Do the older generation require equipment with weights or is body-weight training sufficient?
Heinrich: Weights form an integral part of training but this training can be complemented by an in-house exercise routine.
Urbach: Group gymnastics also qualify as an alternative. Depending on the performance level we offer sports for the elderly or just seated gymnastics.
Heinrich: Social aspects are just as important in courses. Sport generally connects people. Time and again we see that small groups form who then always return to exercise together.
To what extent does digitalisation play a role for you? We are always tempted to assume the older generation do not cope with modern tools so well.
Heinrich: Our retirees are au fait with digitalisation. Most of them have tablets, use them for skyping and so on. And this is why they also get along well with this at the gym. The big value added – in addition to the automatic setting of equipment - is monitoring by instructors who track training progress at the PC and can then adjust the equipment accordingly.
Urbach: Digitalisation also solves many problems in an easy way. We have a 95-year-old resident who suffers from a visual impairment. She uses Alexa and Google – this makes life much easier. For most people moving in here this has become an everyday routine.
Are there any underlying conditions where you would actually advise to avoid exercise?
Heinrich: We would discourage people from exercising in the event of acute inflammation, and in case of progressed osteoporosis and pronounced heart insufficiency. Everything else can be adjusted so individually that exercising is always possible. Exercise needs to be pain-free and fun.
Generally speaking, how do you think more retirees can be won over by the ranges the fitness industry has to offer?
Heinrich: We organised Health Days at the Vitalisarium – at least before the pandemic – where guests were invited to find out about our complete ranges. This way we always recruited new customers each time. Another important channel are physicians and physiotherapists who refer patients to us. So a crucial aspect for winning over patients is the cooperation with doctors, hospitals and rehab clinics.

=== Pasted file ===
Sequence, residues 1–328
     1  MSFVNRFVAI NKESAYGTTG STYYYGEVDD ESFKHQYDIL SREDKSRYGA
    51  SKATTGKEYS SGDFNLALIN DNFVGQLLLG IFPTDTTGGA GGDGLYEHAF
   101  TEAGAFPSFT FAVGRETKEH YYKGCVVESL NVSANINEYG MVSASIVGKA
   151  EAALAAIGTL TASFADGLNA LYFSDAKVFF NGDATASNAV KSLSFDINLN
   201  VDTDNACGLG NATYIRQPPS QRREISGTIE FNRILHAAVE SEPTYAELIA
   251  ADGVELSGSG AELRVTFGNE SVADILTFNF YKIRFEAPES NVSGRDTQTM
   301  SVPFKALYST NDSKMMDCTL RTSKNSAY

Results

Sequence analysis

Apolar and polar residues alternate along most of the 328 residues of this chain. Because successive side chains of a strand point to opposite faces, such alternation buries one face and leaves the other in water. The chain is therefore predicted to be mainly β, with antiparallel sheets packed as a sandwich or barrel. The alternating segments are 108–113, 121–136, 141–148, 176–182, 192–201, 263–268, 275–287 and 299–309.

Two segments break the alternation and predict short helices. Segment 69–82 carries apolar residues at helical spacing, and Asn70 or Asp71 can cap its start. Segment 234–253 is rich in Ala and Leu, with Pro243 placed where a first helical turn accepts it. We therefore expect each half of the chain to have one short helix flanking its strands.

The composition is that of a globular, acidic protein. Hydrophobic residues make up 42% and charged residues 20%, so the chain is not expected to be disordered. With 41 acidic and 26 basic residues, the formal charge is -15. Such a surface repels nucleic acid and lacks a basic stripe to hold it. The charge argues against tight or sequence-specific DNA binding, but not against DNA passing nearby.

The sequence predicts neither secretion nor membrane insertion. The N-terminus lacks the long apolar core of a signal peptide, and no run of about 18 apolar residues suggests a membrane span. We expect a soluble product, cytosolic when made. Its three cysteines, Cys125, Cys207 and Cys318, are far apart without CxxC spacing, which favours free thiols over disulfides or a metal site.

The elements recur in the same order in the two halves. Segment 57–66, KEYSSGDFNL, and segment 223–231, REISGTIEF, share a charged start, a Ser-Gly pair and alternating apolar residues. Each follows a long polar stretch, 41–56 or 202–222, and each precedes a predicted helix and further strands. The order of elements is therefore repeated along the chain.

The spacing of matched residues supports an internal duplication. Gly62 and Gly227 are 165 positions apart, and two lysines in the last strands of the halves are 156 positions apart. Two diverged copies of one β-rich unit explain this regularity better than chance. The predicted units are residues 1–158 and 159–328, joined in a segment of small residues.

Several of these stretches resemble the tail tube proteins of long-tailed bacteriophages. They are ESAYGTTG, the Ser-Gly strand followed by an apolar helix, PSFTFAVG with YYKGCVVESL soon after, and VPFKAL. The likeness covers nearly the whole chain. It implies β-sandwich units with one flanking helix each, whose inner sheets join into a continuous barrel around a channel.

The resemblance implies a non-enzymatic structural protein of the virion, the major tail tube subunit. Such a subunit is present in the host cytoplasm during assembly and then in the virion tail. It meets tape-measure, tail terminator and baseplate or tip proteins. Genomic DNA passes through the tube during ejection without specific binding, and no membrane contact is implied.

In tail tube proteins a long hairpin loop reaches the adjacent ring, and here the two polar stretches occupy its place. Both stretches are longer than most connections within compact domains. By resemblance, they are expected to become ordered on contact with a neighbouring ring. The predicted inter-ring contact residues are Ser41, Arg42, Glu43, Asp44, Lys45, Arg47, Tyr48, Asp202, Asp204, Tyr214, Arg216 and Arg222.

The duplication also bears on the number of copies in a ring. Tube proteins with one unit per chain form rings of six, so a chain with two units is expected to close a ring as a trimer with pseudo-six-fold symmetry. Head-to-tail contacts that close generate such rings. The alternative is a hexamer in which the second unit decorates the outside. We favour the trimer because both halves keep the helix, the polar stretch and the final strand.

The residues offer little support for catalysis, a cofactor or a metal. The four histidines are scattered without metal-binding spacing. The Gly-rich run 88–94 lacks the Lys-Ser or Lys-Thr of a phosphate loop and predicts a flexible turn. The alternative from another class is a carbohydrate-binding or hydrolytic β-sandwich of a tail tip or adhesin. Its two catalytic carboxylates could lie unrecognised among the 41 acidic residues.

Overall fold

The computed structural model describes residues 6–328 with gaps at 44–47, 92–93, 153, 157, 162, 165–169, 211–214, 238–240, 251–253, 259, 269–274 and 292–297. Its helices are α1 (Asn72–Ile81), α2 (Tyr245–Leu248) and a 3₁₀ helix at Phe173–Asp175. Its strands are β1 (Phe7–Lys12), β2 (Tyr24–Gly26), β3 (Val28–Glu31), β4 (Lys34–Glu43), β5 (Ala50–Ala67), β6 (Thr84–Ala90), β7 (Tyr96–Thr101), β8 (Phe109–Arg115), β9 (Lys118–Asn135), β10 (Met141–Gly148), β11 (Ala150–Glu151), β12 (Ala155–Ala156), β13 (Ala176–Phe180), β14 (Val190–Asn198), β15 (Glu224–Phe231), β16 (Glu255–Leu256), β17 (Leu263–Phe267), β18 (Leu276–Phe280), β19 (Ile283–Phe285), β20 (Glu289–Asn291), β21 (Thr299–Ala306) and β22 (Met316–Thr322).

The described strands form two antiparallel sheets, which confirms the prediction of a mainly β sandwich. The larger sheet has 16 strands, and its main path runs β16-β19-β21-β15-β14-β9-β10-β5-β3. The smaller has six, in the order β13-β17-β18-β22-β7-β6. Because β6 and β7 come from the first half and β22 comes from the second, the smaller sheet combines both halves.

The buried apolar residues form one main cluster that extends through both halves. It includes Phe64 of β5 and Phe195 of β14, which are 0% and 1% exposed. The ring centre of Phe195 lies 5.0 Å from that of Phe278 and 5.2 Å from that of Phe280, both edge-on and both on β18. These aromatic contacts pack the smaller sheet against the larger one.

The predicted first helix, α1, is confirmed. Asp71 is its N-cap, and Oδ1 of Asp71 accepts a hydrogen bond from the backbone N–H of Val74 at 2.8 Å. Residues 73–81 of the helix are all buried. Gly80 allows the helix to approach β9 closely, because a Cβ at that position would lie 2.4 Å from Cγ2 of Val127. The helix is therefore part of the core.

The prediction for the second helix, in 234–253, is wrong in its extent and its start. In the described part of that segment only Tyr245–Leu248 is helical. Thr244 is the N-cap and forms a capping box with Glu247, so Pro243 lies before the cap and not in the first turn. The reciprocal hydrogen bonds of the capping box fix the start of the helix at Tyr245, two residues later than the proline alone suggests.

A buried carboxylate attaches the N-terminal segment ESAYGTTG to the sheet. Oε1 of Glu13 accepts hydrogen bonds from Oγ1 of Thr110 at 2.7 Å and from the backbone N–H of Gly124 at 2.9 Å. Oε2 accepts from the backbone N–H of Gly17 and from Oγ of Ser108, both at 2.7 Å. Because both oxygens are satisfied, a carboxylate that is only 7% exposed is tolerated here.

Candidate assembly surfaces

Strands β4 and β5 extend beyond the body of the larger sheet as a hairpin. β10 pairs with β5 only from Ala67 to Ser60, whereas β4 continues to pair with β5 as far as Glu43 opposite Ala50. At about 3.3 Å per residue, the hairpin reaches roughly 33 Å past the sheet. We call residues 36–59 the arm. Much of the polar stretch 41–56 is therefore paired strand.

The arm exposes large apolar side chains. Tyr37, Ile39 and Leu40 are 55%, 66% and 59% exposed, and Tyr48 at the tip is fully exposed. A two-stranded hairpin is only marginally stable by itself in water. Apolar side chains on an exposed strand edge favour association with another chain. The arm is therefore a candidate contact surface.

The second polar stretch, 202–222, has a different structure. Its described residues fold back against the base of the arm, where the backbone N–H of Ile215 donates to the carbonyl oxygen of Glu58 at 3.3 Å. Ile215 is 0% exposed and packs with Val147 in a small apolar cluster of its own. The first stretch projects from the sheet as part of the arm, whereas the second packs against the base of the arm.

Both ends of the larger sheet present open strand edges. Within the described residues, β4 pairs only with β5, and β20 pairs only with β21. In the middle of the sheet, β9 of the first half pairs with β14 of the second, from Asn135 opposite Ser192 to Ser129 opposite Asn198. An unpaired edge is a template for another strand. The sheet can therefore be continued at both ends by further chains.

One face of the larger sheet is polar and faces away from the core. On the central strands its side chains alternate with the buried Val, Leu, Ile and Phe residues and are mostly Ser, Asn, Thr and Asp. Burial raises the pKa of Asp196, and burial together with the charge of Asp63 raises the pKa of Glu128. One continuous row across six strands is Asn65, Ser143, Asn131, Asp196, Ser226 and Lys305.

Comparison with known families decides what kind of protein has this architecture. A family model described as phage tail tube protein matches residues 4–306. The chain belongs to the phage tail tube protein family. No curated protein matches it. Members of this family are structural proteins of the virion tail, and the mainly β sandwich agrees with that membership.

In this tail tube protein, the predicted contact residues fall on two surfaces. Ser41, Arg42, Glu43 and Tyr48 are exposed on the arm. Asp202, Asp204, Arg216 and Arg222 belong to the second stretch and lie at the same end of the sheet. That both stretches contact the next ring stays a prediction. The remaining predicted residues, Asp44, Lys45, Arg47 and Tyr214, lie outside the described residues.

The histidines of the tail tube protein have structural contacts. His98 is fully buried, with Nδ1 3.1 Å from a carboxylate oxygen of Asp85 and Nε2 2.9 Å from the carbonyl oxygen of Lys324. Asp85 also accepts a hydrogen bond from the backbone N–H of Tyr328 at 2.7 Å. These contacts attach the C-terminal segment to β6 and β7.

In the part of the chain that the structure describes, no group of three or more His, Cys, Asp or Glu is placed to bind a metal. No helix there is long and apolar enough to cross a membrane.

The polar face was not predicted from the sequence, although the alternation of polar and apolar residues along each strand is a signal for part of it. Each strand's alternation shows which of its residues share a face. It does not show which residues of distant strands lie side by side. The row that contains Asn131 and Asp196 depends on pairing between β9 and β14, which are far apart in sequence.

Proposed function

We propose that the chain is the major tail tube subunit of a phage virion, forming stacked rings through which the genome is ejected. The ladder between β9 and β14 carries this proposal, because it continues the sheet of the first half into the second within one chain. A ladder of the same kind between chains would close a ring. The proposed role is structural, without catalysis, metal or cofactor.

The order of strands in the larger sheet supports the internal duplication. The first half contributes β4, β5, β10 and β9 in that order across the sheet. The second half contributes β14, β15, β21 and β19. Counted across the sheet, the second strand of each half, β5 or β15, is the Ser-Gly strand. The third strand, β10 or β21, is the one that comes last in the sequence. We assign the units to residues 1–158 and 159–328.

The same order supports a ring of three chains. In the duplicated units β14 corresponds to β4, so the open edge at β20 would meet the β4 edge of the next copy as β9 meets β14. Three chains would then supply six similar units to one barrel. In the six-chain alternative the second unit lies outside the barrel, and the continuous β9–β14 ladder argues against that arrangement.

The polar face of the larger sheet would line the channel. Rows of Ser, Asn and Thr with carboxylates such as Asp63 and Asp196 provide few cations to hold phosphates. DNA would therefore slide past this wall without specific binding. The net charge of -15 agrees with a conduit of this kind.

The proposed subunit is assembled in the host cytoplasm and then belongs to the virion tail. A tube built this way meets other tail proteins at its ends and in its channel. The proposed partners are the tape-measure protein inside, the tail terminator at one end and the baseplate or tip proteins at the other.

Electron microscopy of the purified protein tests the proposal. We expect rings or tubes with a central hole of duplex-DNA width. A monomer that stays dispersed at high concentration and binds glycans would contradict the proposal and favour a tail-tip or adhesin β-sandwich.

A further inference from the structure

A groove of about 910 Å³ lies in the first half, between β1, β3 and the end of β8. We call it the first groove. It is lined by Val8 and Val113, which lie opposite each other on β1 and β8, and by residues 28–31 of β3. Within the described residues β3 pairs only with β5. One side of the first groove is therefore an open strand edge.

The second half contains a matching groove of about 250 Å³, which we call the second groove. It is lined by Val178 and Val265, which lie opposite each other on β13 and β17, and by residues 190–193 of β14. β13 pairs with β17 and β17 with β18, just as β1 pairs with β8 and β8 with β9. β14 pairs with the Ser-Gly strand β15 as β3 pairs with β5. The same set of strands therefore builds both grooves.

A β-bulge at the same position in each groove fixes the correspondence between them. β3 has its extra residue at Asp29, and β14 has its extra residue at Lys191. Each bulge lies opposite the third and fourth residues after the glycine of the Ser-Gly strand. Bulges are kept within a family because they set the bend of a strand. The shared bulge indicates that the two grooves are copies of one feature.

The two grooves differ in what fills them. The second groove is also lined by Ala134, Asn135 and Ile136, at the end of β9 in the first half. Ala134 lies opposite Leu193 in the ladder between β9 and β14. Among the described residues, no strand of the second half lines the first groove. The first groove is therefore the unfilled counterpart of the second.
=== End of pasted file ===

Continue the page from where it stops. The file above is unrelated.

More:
Urbach: We offer everything in one – not just physiotherapy but also fitness. This allows us to continue providing patients with holistic care also after their therapy has ended. Furthermore, our pool allows us to perform rehabilitation very well. In general, the ranges on offer must simply be age-specific. The elderly must be able to operate the equipment and get added value from it.
What should be considered when addressing the older generation?
Urbach: There is always the risk that 70-year-olds do not see themselves as elderly. “I am not old yet”. Here, fitness providers have to manage a tightrope act in addressing them. “Silver Agers” might be a better wording, for example. And probably by referring to fall prevention as trunk training.
When gym operators wish to upgrade their ranges for an older target group, what should they take into consideration?
Urbach: We are pleased to share our specialisation. What you should never forget is that training courses must be specifically geared to the elderly. You could offer various intensities for group training, for example.
What is the optimum approach for instructors when advising their silver agers?
Heinrich: In our facility all instructors are also skilled physiotherapists who therefore have a different approach to this. On top of this, we cooperate with experts such as a back training teacher, for example. It is important for guests to be perceived as individuals.